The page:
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10 Landscape ideas
Foreground detail is vital for successful landscapes – in fact when used well, it can be more important than the background – so before you take an ill-judged snap of a nice view, drop down lower and see what you can ﬁnd close to the ground for a really inventive landscape. To get a really low angle, you’ll need to kneel or even lie down, so invest in some waterproof trousers or have a bin liner in your camera bag to protect yourself from any dirt and grime. If you’re using a small aperture like f/22 to get more depth-of-ﬁeld, then a tripod will be necessary for the longer exposure. If your model doesn’t get low enough in its normal guise, check if you can invert the centre column and shoot with the camera upside down. Many tripods ofer this facility for super-sharp ground-level shots, and if your camera has a Live View mode – now’s the time to use it to make framing up as comfortable as possible.
main image: michael breitung
Get close to the ground
On many tripods, you can invert the centre column to give ground-level, ultra-low angle shots.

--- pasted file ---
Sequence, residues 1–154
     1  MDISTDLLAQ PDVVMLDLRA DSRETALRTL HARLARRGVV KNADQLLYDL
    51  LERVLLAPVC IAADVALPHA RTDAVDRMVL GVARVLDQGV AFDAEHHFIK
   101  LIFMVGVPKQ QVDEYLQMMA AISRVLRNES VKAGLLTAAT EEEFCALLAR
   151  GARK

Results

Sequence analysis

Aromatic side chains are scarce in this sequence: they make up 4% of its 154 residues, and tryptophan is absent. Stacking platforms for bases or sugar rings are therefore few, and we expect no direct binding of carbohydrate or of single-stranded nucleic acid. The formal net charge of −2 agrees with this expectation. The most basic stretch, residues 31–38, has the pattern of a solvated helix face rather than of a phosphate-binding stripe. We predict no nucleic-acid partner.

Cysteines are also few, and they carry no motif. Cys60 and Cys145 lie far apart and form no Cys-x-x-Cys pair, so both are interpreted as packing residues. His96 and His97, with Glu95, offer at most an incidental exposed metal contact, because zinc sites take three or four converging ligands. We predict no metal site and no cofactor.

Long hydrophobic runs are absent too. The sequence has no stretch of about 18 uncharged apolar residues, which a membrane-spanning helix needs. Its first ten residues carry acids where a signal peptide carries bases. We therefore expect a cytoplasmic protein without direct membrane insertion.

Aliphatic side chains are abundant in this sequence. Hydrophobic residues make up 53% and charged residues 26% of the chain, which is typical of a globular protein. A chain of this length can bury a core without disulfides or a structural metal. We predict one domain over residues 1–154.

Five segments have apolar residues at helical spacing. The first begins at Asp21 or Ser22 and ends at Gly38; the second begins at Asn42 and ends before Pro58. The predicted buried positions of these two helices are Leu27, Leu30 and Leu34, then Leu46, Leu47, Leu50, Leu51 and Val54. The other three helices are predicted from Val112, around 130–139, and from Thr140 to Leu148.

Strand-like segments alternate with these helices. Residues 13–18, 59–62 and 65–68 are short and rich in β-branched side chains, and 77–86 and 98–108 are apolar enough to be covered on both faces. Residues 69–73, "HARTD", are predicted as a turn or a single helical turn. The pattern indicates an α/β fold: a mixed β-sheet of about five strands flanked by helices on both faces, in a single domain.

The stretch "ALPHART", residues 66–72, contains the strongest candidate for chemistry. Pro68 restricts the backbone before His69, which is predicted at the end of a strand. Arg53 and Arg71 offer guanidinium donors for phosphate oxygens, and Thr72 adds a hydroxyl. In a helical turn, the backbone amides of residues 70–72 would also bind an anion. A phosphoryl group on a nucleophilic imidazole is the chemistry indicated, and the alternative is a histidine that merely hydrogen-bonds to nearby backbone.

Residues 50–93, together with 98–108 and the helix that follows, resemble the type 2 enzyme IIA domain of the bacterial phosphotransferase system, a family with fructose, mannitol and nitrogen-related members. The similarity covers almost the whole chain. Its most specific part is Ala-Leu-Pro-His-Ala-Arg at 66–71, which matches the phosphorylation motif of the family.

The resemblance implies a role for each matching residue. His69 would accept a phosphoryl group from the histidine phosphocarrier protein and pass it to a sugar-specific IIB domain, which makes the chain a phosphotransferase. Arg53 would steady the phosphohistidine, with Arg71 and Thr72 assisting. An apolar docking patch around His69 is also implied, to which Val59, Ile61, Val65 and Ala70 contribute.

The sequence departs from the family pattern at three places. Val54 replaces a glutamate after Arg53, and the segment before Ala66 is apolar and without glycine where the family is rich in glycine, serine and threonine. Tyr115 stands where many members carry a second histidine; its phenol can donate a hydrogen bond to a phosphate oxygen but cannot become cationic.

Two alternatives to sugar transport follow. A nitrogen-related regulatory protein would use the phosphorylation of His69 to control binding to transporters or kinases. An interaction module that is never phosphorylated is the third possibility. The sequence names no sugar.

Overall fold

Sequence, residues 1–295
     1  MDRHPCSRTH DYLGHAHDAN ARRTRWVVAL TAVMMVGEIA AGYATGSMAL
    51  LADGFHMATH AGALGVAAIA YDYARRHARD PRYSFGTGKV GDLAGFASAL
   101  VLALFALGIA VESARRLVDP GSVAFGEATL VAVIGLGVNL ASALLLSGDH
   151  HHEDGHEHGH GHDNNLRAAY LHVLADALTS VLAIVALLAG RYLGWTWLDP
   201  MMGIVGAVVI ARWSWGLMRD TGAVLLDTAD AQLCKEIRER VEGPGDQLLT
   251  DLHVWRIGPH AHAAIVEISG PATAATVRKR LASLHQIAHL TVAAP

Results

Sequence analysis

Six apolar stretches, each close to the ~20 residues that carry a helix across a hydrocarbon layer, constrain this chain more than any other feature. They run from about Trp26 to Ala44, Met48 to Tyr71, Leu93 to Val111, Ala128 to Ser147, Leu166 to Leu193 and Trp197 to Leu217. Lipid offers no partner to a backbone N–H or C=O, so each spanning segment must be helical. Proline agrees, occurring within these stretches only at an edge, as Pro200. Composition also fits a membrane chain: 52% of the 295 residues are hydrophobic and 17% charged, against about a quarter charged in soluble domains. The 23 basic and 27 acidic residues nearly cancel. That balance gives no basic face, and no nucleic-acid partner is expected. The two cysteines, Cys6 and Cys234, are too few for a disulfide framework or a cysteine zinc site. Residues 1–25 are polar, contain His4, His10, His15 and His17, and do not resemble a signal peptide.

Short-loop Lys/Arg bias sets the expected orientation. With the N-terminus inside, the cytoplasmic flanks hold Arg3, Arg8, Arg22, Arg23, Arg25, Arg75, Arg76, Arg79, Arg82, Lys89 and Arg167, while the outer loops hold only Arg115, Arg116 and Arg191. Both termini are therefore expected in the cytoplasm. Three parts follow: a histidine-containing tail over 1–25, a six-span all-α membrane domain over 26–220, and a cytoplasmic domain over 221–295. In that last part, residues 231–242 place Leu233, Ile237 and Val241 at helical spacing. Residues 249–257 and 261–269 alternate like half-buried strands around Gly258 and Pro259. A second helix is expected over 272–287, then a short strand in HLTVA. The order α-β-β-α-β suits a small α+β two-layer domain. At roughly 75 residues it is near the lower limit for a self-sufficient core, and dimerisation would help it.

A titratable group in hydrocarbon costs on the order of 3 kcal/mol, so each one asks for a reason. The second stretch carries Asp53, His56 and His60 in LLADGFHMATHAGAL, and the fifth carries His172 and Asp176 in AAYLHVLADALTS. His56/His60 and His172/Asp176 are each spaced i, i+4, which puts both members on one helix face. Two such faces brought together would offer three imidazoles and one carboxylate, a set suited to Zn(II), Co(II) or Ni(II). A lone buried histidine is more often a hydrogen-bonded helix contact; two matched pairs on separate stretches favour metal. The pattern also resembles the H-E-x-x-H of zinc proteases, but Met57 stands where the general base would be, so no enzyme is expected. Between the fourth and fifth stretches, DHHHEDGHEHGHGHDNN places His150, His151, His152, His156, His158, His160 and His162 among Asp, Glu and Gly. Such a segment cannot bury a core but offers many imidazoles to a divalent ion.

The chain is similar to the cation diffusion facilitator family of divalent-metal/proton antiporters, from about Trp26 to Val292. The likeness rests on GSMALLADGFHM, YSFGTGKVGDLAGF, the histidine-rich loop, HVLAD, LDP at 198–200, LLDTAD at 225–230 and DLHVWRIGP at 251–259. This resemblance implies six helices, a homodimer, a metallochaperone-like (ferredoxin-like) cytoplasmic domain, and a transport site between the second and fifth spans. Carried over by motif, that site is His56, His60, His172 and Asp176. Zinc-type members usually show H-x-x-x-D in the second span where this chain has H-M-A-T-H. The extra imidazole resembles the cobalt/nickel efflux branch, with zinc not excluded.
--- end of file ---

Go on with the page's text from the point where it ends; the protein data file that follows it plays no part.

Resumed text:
When foregrounds prove hard to ﬁnd, get down low and you can use the texture of the grass to take the viewer into the scene.
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Control contrast like a pro
edited shot By taking precise control over the localised lighting and contrast in this picture, we create a much more striking image. digital photo 59
leven years ago, on safari in Tanzania, Marsel van Oosten was bitten. The bite was deep and powerful and the memory of it still lingers in his mind to this day. But what sank its teeth into him wasn’t a lion, a crocodile or a hyena, it was an infectious bug – shooting wildlife. Marsel was honeymooning with his new wife and future collaborator, Danielle, when the fascination struck, and he gave up a successful career in advertising to pursue it. Take a look at his pictures and you’ll see the 15 years
he worked as an Art Director and the experience of art school written through their composition: clean, iconic, immediately captivating photos. “I like to create order from chaos, which is why I liked graphic design so much in art school. In advertising, messages need to be clear and concise, get to the point and avoid visual clutter. Whether I was working on a print ad or a TV commercial, I was always asking myself how I could make it simpler. In my wildlife photography I work the same way.”
a fresh angle of attack Most wildlife photographers use long telephoto lenses to shoot potentially dangerous animals, but Marsel wanted to try a more “in your face” approach. This shot was taken using a remote trigger, with his Nikon D3 attached to a monopod and hung, upside down, from a car window to reduce the chances of being eaten. “This male didn’t appreciate the clicks coming from the grass” he told us, “and decided to charge the D3. I guess he was more the Canon type...”
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